- Associated Press - Thursday, August 27, 2015

OKLAHOMA CITY (AP) - The Oklahoma Supreme Court Thursday ordered a County judge to implement a ruling that said a Ten Commandments monument on the state Capitol grounds is unconstitutional and must be removed.

The state’s highest court issued a mandate to “take further action as required” by its June 30 decision that said the monument is a religious symbol and must be removed from the Capitol grounds because it violates a state constitutional ban on using public property for the benefit of religion. The 7-2 ruling was reaffirmed last month when the court denied a rehearing sought by Attorney General Scott Pruitt.

The Supreme Court’s decision reversed a ruling by Oklahoma County District Judge Thomas Prince, who ruled last year that the privately-funded monument could stay. Prince scheduled a Sept. 11 hearing to discuss how the Oklahoma Capitol Preservation Commission will comply with the Supreme Court’s order.

A spokesman for Pruitt, Aaron Cooper, said his office had not yet received the order and declined comment. Brady Henderson, legal director for the ACLU of Oklahoma which filed the legal challenge, said his agency will likely work with the attorney general in determining how to comply with the order but the next move is up to the state.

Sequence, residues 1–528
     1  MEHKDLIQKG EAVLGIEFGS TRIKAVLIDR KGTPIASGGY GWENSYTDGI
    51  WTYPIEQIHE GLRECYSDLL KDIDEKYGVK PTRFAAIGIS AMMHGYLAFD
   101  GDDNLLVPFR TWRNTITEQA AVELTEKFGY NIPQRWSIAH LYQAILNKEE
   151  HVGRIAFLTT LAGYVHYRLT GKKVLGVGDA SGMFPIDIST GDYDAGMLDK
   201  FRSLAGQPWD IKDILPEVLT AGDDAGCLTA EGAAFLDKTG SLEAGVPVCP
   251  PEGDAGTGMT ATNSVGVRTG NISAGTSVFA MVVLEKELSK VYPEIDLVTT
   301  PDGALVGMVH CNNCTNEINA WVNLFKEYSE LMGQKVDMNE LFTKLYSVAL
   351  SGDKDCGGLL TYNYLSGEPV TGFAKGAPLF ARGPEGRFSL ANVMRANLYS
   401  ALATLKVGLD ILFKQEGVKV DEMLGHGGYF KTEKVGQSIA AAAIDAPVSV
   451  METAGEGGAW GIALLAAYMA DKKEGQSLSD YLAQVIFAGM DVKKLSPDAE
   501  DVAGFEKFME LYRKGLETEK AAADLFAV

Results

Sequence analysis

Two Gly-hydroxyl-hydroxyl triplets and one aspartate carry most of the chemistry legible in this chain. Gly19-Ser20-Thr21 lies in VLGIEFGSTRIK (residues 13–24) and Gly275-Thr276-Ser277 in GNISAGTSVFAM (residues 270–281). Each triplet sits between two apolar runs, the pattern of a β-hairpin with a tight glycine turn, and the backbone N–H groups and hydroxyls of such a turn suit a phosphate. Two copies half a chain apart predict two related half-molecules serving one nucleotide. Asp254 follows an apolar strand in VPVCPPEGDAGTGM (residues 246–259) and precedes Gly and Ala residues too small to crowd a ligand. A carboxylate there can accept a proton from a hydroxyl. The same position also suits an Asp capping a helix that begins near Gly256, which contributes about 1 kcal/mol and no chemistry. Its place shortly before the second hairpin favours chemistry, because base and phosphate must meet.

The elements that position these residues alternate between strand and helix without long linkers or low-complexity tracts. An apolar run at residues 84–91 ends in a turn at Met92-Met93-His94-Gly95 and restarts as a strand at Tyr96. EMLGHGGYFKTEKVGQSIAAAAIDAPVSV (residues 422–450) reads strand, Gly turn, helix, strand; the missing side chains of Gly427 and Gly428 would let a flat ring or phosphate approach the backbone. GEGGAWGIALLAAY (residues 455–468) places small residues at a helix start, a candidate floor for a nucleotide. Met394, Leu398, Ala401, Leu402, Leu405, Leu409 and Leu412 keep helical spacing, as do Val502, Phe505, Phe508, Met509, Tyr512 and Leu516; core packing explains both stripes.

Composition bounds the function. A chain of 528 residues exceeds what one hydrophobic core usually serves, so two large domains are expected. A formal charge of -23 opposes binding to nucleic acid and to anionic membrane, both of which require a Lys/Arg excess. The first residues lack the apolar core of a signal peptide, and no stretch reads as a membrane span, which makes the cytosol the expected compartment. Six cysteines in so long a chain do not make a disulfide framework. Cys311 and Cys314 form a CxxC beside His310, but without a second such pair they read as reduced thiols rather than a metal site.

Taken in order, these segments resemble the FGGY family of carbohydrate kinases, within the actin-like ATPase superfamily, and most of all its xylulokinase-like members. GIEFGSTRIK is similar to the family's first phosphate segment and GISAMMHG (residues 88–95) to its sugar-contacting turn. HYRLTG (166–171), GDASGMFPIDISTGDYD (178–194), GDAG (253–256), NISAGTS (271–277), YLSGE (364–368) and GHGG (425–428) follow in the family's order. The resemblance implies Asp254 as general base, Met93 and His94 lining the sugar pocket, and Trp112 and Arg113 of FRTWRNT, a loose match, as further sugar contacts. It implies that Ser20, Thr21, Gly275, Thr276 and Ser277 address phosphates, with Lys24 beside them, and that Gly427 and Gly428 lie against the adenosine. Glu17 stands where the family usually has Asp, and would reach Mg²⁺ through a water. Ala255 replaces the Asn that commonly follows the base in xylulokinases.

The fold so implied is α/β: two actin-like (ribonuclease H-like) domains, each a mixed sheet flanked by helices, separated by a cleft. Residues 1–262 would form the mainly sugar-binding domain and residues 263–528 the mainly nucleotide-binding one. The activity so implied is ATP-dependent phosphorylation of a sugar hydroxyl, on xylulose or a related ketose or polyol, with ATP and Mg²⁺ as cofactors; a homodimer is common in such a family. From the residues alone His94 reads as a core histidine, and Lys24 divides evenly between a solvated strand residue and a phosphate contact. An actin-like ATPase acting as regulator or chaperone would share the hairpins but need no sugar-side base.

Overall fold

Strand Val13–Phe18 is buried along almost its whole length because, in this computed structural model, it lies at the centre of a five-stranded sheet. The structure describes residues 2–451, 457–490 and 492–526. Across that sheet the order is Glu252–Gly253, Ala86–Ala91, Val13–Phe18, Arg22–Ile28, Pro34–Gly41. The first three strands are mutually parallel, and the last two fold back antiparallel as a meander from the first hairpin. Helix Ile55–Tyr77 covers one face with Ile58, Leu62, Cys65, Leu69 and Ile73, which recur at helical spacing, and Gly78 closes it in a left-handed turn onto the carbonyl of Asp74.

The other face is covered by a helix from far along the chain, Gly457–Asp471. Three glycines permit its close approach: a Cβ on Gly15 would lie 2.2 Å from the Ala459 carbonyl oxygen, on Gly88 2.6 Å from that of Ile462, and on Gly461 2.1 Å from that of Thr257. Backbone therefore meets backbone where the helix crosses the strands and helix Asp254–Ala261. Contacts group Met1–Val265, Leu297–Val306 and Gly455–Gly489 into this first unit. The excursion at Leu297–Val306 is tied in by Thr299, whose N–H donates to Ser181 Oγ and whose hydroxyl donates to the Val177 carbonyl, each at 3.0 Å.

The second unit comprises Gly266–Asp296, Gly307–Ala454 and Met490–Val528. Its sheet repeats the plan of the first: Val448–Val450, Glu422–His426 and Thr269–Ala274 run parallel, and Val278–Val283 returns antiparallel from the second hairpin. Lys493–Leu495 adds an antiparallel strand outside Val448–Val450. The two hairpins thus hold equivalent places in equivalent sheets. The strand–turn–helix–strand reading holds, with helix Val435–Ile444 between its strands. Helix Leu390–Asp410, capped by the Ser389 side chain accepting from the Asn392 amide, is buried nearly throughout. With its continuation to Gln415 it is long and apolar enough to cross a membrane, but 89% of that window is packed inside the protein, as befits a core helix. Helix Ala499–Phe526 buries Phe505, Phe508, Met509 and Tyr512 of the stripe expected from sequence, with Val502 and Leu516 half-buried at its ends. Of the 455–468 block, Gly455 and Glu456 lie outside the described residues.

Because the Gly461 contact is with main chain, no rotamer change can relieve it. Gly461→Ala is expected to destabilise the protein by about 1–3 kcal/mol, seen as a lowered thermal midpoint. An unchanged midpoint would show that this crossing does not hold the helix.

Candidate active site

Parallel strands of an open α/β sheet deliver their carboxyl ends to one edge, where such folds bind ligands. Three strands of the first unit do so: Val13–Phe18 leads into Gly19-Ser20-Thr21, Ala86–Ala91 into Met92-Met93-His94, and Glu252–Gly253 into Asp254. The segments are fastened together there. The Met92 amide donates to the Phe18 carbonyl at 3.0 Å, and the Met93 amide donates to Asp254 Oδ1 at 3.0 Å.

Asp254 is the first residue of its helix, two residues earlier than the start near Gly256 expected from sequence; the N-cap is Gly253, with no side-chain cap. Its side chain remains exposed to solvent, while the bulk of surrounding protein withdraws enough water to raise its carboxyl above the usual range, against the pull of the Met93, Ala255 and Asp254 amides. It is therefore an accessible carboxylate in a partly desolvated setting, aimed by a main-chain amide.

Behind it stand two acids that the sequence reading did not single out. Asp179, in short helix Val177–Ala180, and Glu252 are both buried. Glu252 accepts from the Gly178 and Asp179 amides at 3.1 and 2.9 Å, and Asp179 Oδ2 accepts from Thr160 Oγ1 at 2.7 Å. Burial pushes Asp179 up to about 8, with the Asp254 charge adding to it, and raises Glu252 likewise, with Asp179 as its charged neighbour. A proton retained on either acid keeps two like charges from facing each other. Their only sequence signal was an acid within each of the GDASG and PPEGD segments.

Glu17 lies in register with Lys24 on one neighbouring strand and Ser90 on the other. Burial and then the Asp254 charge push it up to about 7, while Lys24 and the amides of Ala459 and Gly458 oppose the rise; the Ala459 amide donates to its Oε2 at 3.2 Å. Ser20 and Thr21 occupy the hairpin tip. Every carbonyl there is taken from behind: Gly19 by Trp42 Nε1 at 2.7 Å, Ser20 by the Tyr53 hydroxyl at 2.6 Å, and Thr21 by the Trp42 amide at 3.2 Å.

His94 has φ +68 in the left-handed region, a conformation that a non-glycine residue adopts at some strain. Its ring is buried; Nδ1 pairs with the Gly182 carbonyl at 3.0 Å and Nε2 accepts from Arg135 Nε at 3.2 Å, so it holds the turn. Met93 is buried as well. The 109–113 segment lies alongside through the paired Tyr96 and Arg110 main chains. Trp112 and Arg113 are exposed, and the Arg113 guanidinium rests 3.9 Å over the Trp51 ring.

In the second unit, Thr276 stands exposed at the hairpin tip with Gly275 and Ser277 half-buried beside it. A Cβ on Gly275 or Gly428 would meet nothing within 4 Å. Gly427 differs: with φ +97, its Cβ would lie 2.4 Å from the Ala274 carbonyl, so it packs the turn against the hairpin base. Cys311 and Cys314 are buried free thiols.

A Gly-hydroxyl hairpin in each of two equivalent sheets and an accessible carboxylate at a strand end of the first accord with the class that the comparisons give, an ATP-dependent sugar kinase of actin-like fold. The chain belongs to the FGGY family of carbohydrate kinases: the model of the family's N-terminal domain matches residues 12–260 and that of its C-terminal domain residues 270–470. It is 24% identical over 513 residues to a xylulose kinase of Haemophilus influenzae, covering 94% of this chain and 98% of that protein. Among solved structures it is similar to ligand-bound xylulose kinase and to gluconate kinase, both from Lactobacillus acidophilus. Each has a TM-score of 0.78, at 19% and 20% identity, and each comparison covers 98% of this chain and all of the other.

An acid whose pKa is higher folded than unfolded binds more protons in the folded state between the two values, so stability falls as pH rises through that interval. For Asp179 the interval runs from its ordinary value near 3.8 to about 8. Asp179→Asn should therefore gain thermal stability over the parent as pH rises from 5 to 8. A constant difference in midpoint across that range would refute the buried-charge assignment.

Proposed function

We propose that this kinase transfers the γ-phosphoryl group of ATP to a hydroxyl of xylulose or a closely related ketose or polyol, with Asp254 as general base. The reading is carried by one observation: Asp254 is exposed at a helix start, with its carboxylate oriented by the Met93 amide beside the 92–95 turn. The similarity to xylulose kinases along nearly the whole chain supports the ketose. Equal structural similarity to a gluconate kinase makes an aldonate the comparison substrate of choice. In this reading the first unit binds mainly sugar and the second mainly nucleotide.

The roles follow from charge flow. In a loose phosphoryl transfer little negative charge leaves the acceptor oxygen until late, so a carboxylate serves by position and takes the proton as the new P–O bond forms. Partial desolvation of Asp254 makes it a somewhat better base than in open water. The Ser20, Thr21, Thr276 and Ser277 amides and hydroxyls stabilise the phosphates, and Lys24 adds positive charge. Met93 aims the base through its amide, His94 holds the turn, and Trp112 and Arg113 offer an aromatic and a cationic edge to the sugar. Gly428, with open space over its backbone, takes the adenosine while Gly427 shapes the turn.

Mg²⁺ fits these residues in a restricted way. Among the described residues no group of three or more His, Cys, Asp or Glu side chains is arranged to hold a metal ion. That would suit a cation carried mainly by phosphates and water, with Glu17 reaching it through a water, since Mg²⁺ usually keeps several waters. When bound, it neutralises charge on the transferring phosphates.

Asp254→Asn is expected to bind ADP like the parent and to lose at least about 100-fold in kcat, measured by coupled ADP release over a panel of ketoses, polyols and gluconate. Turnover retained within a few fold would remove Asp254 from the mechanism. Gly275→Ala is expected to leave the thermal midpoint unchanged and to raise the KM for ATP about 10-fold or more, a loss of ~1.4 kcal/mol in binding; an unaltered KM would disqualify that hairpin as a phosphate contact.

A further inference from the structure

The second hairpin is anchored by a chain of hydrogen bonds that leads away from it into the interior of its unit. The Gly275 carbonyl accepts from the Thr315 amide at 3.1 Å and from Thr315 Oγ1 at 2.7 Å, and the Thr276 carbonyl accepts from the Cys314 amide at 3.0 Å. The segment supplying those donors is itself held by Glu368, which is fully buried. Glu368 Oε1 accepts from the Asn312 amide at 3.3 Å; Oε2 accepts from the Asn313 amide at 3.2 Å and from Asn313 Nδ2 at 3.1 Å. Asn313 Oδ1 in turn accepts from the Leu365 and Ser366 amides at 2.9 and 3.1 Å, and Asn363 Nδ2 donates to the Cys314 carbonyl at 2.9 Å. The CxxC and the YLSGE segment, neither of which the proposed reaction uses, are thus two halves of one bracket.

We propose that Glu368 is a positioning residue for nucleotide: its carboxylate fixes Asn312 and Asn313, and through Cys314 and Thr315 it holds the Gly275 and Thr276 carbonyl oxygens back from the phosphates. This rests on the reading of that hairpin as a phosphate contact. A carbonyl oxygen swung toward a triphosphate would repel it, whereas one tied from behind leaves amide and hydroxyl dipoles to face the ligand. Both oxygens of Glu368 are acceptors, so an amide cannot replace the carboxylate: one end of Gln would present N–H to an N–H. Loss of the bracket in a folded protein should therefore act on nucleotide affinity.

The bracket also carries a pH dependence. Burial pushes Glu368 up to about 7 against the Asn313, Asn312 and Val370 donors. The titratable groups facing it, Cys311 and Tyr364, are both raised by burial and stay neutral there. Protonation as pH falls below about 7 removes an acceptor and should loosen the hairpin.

The Supreme Court’s mandate includes no deadline for the monument’s removal and there is no timeline for complying with the order. What happens to the monument once it is removed from the Capitol grounds has also not been determined.

The 6-foot-tall granite monument was authorized by the Legislature in 2009 and was erected in 2012 after Republican state Rep. Mike Ritze of Broken Arrow and his family paid nearly $10,000 for it.

The ACLU sued the commission on behalf of the Rev. Bruce Prescott of Norman, a Baptist minister, and others who alleged the monument’s location on the Capitol grounds violated the state constitution’s ban against using public property to support “any sect, church, denomination or system of religion.”

Pruitt’s office argued that the monument was constitutional because of its historic nature and was nearly identical to a Texas monument that was found constitutional by the U.S. Supreme Court in 2005.

The Oklahoma Supreme Court’s June decision prompted an outcry from some conservative legislators who vowed to impeach the justices or amend the constitution to remove the provision prohibiting the use of state money or property for religious purposes.

Ritze has said he is optimistic the Legislature will pass a resolution seeking a vote of the people on whether to amend the constitution so that the monument can stay.

Since the monument was erected, several other groups have asked to put up their own monuments on the Capitol grounds. Among them is a group that wants to erect a 7-foot-tall statue that depicts Satan as Baphomet, a goat-headed figure with horns, wings and a long beard. A Hindu leader in Nevada, an animal rights group and the satirical Church of the Flying Spaghetti Monster also have made requests.

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